What are the effects of nitric oxide in the body?

Nitric oxide (NO), also called nitrogen monoxide, is an important natural component of the biochemistry of mammals, including humans. In normal, healthy mammalian biochemistry, nitric oxide's primary role is as a chemical messenger. Healthy levels of nitric oxide are important for the nervous, circulatory, and immune systems. Although the effects of nitric oxide are essential to human life, excessive levels, either due to endogenous production or environmental exposure, can be toxic.

When the body needs to increase blood flow through the circulatory system, the inner lining of the blood vessels releases nitric oxide into the surrounding smooth muscle tissue in the blood vessel walls. This causes the smooth muscle to relax and induces vasodilation, or widening of the blood vessels. This helps regulate blood flow and blood pressure and allows people to adapt to low-oxygen conditions, such as high altitudes. It also causes penile erection during sexual arousal by increasing blood flow to the genitals in response to sexual stimulation. In addition to affecting smooth muscle, it can also affect cardiac muscle tissue in the heart to slow the heart rate.

In the nervous system, nitric oxide functions as a neurotransmitter to carry messages between neurons and is part of the memory formation and learning process. It is also produced in the stomach, through reactions between stomach acid and nitrate in swallowed saliva, to maintain blood flow to the stomach and sterilize food as it is digested. In the immune system, a type of white blood cell called macrophages produce nitric oxide to poison and kill bacteria.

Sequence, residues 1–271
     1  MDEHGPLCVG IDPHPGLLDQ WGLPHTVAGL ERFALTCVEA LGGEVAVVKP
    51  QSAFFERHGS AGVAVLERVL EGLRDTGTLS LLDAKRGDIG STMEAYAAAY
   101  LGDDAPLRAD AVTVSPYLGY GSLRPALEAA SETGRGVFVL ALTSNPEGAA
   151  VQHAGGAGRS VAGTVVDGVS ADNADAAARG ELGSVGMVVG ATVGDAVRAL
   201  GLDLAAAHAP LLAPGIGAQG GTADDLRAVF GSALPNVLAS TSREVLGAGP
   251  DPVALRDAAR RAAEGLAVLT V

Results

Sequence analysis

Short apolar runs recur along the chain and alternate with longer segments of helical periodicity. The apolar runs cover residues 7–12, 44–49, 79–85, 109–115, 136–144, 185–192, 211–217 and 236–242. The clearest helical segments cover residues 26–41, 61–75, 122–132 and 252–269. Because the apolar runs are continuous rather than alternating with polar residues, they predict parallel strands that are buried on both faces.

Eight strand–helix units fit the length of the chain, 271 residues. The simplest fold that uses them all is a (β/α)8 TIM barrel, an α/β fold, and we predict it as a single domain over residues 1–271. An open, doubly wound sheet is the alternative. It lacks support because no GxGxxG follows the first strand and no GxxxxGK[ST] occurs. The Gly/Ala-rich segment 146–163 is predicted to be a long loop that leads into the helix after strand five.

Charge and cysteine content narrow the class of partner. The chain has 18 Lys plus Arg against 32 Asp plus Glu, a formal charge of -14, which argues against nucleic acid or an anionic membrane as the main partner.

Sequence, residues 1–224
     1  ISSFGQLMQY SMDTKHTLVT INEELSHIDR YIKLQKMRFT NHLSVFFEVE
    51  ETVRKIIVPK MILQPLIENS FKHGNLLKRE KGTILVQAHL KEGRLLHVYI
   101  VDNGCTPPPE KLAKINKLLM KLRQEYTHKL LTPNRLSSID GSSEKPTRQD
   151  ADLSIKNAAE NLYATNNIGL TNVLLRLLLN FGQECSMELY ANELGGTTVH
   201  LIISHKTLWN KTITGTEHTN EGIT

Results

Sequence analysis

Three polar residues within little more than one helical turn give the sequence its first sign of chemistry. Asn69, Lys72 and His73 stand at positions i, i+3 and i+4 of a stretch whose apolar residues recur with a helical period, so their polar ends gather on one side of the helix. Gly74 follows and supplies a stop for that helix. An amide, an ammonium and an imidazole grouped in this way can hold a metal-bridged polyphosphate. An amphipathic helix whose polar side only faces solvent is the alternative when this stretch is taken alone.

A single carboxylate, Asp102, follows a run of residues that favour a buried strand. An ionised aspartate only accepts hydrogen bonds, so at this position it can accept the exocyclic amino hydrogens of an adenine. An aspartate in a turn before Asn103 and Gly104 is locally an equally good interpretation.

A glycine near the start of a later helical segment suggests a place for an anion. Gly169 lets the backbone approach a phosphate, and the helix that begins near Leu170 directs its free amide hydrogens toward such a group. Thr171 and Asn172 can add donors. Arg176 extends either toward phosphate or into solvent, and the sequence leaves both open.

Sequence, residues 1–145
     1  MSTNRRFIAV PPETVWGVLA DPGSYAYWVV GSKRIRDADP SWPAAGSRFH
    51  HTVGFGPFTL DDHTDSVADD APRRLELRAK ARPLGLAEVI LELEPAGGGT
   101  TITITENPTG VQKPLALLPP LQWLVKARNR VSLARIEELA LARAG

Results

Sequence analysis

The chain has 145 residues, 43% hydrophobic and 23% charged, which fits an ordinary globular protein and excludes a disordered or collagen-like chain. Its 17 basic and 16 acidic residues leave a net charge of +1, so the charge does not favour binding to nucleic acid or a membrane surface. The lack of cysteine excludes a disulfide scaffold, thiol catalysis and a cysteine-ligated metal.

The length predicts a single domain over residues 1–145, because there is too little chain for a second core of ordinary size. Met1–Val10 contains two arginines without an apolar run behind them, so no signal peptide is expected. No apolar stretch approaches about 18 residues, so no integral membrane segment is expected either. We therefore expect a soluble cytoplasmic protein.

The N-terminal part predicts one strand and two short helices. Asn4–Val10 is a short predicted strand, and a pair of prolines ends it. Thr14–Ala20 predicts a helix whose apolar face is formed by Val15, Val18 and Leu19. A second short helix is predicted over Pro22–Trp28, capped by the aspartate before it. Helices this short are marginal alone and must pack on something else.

The effects of nitric oxide can be detrimental to health at excessive levels. It can aggravate sepsis, as the release of large amounts of the chemical by the immune system in an attempt to kill infectious bacteria can cause the amount to increase to cytotoxic levels, damaging the body's own cells. As one of the effects of nitric oxide is vasodilation, excessive levels can cause blood pressure to drop to dangerously low levels, causing the body to go into shock.

Nitric oxide can also be harmful when absorbed into the body from the outside environment, and is a common industrial pollutant. Contact causes irritation of the eyes, skin and mucous membranes. Inhalation can interfere with breathing by causing coughing and shortness of breath, as well as nausea and burning pain in the chest and throat. In addition to initial breathing difficulties, the effects of nitric oxide when inhaled can also include potentially dangerous conditions such as pulmonary edema, the buildup of excess fluid in the lungs, and the blood disorder methemoglobinemia.

Go up